To identify the most effective prevention strategies, you need to understand the cause of the problem. For example, you should be able to differentiate between a playful or friendly nip and an aggressive nip caused by fear and guarding instincts.

Aggressive nipping is accompanied by signs such as stiff, rigid posture and curling of lips to show their teeth. A friendly nip is often accompanied by playfulness and inviting glances.

Here are effective ways to stop your dog from nipping at visitors or guests.

a). Avoid high-risk situations

Some dog breeds are likelier to nip when they feel scared, threatened, fearful, or startled. 

In such a situation, avoid startling or scaring your dog when they are sleeping, eating, injured, barking, or even growling.

b). Calm your dog down

Over-excitement is a common reason why dogs nip at guests. The solution is to calm them down and allow them to adjust to the presence of a guest in the house. This could be gently petting your dog while you prevent them from immediately interacting with a visitor. 

The dog will get used to the visitor’s presence after a few minutes and is less likely to nip. Consider stricter measures such as crating or using a muzzle if this does not work

c). Socialize your dog

Another common reason dog nip at visitors is when they have been poorly socialized. To improve your pet’s social skills, you can do the following:

  • Regularly take your dog on leisurely walks or runs
  • Take your dog to the dog park and let them interact with other dogs
  • Take some time to play with your dog and show attention and affection

Improving your dog’s social skills will help prevent the nipping behavior, especially if the cause is fear and feelings of threat.

d). Reinforce positive behavior

While you might be tempted to punish your dog for nipping at visitors, you should instead reinforce positive behavior that will help neutralize the bad habit.

For instance, rather than using physical punishment or yelling at your dog for nipping, offer treats or chew toys for them to play with. The more friendly you are when addressing the issue, the better the outcomes will be.

e). Provide enough exercise

Hyperactive dog breeds have lots of energy and need regular exercise. You may notice your dog excitedly nipping at visitors because they see them as an opportunity to play and have fun.

Taking your dog on walks or to the dog park and playing games such as fetch will help burn off the excess energy. Exercise will also help calm your dog, especially when tense or scared.

What to do when a dog cannot stop nipping

What do you do if your dog cannot stop nipping at guests even after trying all the tips we have mentioned above? Things you can do include:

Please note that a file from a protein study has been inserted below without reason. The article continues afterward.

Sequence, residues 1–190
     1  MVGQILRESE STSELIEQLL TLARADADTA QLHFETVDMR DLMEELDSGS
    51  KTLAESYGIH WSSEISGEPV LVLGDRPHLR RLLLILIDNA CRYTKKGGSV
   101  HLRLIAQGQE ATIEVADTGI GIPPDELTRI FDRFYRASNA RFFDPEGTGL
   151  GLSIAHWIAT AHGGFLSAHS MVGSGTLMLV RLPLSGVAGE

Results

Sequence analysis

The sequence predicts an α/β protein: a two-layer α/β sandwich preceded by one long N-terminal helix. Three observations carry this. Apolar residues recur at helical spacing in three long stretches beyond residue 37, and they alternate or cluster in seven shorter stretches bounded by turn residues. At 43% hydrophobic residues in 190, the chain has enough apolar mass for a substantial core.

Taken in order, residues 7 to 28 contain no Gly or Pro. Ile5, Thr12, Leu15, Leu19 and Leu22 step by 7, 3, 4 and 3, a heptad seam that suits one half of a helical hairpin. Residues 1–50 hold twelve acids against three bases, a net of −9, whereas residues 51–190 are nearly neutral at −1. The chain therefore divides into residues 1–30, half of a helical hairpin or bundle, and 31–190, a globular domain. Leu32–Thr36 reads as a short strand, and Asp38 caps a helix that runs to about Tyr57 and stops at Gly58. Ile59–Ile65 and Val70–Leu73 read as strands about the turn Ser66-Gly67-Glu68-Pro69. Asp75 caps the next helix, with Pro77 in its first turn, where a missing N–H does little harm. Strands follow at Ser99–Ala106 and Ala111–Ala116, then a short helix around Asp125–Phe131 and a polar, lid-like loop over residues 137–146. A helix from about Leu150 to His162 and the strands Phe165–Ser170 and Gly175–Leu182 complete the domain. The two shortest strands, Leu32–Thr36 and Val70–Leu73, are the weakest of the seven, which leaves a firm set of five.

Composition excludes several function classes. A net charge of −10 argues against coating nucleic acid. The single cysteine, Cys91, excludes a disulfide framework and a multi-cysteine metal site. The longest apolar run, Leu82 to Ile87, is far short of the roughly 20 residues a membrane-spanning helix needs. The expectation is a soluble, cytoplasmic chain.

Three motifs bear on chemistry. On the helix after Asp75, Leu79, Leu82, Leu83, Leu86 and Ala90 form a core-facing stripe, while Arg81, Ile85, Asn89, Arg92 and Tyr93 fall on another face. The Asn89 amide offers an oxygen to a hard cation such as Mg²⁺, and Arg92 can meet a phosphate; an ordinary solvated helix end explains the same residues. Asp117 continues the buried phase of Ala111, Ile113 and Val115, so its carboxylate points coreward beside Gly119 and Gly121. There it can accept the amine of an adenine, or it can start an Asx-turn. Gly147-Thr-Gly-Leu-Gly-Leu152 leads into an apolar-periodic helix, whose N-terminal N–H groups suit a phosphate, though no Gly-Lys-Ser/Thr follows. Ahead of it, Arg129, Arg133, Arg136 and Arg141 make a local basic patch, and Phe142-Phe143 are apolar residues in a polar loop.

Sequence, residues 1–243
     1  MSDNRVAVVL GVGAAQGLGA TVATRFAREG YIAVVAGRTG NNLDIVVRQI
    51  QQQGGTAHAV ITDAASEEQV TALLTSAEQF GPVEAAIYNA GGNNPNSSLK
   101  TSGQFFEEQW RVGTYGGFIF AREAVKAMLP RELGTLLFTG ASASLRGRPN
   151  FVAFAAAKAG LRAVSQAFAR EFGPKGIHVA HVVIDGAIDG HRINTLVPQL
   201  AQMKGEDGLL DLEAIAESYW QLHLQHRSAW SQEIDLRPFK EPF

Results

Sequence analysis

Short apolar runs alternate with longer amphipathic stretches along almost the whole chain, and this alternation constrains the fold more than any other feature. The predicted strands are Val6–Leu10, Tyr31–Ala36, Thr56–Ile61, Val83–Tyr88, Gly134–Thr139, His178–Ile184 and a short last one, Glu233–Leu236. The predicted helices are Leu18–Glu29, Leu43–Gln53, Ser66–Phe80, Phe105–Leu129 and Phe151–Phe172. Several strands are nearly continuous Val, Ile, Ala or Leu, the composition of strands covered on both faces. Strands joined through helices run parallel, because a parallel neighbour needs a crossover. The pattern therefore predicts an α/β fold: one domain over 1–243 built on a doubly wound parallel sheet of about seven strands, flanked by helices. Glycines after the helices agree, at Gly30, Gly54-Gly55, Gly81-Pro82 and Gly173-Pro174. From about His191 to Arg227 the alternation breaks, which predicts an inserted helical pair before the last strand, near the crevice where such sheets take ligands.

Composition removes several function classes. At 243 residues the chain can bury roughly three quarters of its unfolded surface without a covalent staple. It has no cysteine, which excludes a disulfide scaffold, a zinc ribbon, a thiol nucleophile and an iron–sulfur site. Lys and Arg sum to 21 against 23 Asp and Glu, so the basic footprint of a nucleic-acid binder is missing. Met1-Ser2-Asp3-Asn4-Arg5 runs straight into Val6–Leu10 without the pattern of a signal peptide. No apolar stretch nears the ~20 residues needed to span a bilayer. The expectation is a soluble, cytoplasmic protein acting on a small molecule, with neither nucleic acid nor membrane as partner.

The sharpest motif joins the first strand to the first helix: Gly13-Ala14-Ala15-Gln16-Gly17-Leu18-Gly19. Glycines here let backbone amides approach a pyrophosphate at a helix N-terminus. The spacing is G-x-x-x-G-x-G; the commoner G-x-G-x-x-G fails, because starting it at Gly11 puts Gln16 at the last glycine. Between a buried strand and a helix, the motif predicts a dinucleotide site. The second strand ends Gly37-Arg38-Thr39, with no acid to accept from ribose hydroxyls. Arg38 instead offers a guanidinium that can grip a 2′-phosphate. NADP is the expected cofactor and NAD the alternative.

• Stop playing: You should stop playing when your dog nips you. Doing so will send a subtle message to your dog that nipping behavior is not appreciated. The same goes for dogs that use nipping to get your attention. Responding will reinforce the behavior, so ignore them for a few minutes.
  • Show it hurts: Dogs are intelligent enough to know they have done something wrong, but make sure to use the right signals. For example, you can wince in pain or even yelp when they nip, then reinforce a positive behavior once they let go of you. Do this repeatedly and your dog will know that they should stop nipping.
  • Crate your dog: Consider crating or muzzling your dog if they are too excited or fearful to stop nipping. You can then bring them out once they are calm.

What to do when a dog nips at children

You should take immediate action and precautions when your dog nips at a child. Apart from separating the dog and the child so that you can check if the child has suffered any injuries, you should also:

  • Determine the cause: Understanding the cause will help you identify the right cause of action and prevent recurrence. Most cases are due to the dog feeling “bothered” by the child. Things like the child pulling on the dog’s tail or ears and hitting or climbing the dog will trigger the dog to nip. Teaching the kids how to interact with pets and having someone supervise playtime is important.
  • Consult a dog trainer: The advice of a pet trainer is invaluable, especially if the nipping is unprovoked. The trainer can schedule training sessions to address the issue. Keep the kids away from the dog until the problem is resolved.
  • Consider rehoming your dog: A family with young children should reconsider having a nippy dog around. Consider gentle dog breeds that are known to get along well with kids. Ensure to inform the rescue group that you’re rehoming your dog due to its nippy habit so that they rehome them with a child-free home.

Final thoughts

Dogs are amazing pets that add love and warmth to our homes. Having them around has been proven to reduce stress and boost mental health. However, if your dog loves to nip, you should also seek a professional trainer’s help to address the issue or rehome them if you cannot find a solution to the problem.